5. Bikaneri Bhujia
The desert town of Bikaner in Rajasthan is famous for its crispy bhujia, otherwise popularly known as Bikaneri bhujia. Unlike the usual bhujia, Bikaneri bhujia is not made from gram flour (besan), but from ground moth lentils, a crop which grows only in Bikaner and Jodhpur. This factor complimented with the desert air gives this bhujia its unique crispness and extraordinarily long shelf life. In September 2010, Bikaneri Bhujia was granted Geographical Indication protection giving Bikaner the sole proprietorship of its production. The bhujia industry in Bikaner employes close to 2.5 million people, mostly woman of neighboring villages. Today, the bhujia is synonymous with Bikaner, and this happy town is quite satisfied letting the dish appropriate its name.
4. Darjeeling Tea
Darjeeling Tea became the first Indian product to receive a GI tag in 2004-05. Tea was first planted in Darjeeling in 1841 and its commercialization took place in 1850s. The incomparable aroma and taste of Darjeeling tea is considered as a result of locational climate, soil conditions, altitude and its meticulous processing. It is the most coveted tea in the world. The Tea Board of India administers the Darjeeling certification mark and logo protecting this tea designation from unfair use of its name in marketing tea worldwide. This tea is still manufactured in traditional and original methods and machinery is used only for processing post production. There are different types of Darjeeling Tea namely black tea, oolong tea, green tea, white tea and blended, flavored and scented teas.
3. Kanchipuram Sari
Kanchipuram Sari is a traditional sari made by weavers from Kanchipuram and considered the highest in quality among saris. Kanchipuram Sari secured at GI tag in 2005 and it is also protected by security protocol, which involves a jail time for anyone who violates GI standards. This sari has a classical combination of zari or gold thread embroidery and silk weaving. The intricate gold and zari work increase the weight and price of the sari. It is one of costliest saris of India and the price tag depends on the intricacy of the work, color, pattern, and the materials used.
2. Ratnagiri Alphonso Alphonso Mango (Hapoos) often referred to as the king of mangoes principally due to its taste and colour. It is among the most expensive variety of mangoes and is grown mainly in Ratnagiri and Sindhudurg in Maharashtra and some other districts of Gujarat. The mangoes grown in the district of Ratnagiri and Sindhudurg carry the GI tag and are marketed as the very special Ratnagiri Alphonso or Haapoos. In fact, farmers from these two districts have been awarded global Good Agricultural Practices (GAP) certificate that enables them to export their mangoes. In the past two decades due to global demand, the production of mangoes has more than doubled in these two districts. The climate in the narrow strip between Arabian Sea and the Sahyadri hills measuring close to 400 km provide the ideal conditions to grow Hapoos mangoes and is said to greatly influence the distinct flavor and aroma of the mangoes of this region. Apparently Alphonso mangoes were applied for a GI tag and are yet to be granted one.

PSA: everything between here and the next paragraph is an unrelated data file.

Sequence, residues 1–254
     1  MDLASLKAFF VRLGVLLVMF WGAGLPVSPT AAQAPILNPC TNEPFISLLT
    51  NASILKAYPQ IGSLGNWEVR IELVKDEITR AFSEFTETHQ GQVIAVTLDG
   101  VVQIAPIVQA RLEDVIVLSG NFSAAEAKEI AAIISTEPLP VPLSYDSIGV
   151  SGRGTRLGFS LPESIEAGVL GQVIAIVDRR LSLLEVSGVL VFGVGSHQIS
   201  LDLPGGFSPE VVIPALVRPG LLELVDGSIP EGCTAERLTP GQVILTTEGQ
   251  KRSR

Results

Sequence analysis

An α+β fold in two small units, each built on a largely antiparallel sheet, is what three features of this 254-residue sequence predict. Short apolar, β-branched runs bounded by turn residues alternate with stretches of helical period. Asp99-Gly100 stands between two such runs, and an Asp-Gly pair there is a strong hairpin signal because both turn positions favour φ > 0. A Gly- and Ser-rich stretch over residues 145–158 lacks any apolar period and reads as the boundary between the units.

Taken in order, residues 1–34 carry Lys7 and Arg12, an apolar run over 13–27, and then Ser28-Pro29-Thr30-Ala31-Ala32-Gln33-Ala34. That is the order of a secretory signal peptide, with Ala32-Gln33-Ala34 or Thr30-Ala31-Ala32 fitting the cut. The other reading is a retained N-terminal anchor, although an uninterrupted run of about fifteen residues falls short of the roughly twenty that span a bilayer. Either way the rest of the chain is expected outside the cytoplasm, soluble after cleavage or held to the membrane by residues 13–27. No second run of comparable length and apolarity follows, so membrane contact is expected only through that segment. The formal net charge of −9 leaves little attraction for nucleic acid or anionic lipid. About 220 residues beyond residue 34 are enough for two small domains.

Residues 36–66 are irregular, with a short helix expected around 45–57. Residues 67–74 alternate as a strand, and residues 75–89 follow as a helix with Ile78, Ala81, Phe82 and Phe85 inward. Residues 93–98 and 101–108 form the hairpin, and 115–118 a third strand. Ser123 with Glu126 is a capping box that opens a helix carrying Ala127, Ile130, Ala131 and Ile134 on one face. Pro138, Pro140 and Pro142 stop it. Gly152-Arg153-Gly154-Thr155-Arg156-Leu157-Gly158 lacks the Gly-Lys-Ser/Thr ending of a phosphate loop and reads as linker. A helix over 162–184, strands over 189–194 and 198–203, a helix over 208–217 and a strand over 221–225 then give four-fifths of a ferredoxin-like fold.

1. Tirupati Laddu
Tirupati Laddu or otherwise known as Srivari laddu is the world famous prasadam offered at Tirumala Tirupati Devasthanam. Tirupati Laddu is copyrighted and received its Geographical Indicator patent in September of 2009. The temple now solely owns the rights to prepare and distribute the sweetmeat deterring others from naming and marketing it under the same name. This laddu came into being in the 1920s, but some temple priests argue that it has existed since the 17th century. Tirupati laddu is synonymous with Tirupati and it is the customary duty of the devotees to return home with laddu, distributing it among family and friends. When Tirupati Laddu received its GI tag from Indian Patent Office, it led to a plenty of controversy and a couple of Public Interest Litigations were filed in Supreme Court and some High Courts seeking withdrawal of GI tag to the Laddu. It was argued that the GI patent of the laddu paved way for enhanced commercialization of faith.